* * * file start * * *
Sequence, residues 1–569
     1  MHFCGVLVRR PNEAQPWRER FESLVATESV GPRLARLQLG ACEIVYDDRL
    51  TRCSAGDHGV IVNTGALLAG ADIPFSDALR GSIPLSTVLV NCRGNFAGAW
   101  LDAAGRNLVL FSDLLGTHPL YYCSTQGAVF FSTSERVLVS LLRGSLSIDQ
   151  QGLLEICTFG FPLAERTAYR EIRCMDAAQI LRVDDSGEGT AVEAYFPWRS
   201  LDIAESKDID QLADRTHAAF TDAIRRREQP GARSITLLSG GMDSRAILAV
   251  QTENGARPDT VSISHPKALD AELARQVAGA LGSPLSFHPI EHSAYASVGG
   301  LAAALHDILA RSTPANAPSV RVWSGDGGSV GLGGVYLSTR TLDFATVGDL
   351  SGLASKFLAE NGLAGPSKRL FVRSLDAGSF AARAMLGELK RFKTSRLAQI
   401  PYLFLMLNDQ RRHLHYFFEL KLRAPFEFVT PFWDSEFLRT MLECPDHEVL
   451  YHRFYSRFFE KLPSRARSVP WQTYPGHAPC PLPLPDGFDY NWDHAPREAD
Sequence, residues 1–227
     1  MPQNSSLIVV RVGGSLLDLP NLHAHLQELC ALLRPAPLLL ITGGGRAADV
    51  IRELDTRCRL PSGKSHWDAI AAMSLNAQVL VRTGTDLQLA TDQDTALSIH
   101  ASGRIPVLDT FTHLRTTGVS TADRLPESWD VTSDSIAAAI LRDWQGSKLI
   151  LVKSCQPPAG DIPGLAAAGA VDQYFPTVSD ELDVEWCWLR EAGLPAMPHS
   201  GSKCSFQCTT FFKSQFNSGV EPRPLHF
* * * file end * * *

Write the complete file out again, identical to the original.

Sequence, residues 1–569
     1  MHFCGVLVRR PNEAQPWRER FESLVATESV GPRLARLQLG ACEIVYDDRL
    51  TRCSAGDHGV IVNTGALLAG ADIPFSDALR GSIPLSTVLV NCRGNFAGAW
   101  LDAAGRNLVL FSDLLGTHPL YYCSTQGAVF FSTSERVLVS LLRGSLSIDQ
   151  QGLLEICTFG FPLAERTAYR EIRCMDAAQI LRVDDSGEGT AVEAYFPWRS
   201  LDIAESKDID QLADRTHAAF TDAIRRREQP GARSITLLSG GMDSRAILAV
   251  QTENGARPDT VSISHPKALD AELARQVAGA LGSPLSFHPI EHSAYASVGG
   301  LAAALHDILA RSTPANAPSV RVWSGDGGSV GLGGVYLSTR TLDFATVGDL
   351  SGLASKFLAE NGLAGPSKRL FVRSLDAGSF AARAMLGELK RFKTSRLAQI
   401  PYLFLMLNDQ RRHLHYFFEL KLRAPFEFVT PFWDSEFLRT MLECPDHEVL
   451  YHRFYSRFFE KLPSRARSVP WQTYPGHAPC PLPLPDGFDY NWDHAPREAD
Sequence, residues 1–227
     1  MPQNSSLIVV RVGGSLLDLP NLHAHLQELC ALLRPAPLLL ITGGGRAADV
    51  IRELDTRCRL PSGKSHWDAI AAMSLNAQVL VRTGTDLQLA TDQDTALSIH
   101  ASGRIPVLDT FTHLRTTGVS TADRLPESWD VTSDSIAAAI LRDWQGSKLI
   151  LVKSCQPPAG DIPGLAAAGA VDQYFPTVSD ELDVEWCWLR EAGLPAMPHS
   201  GSKCSFQCTT FFKSQFNSGV EPRPLHF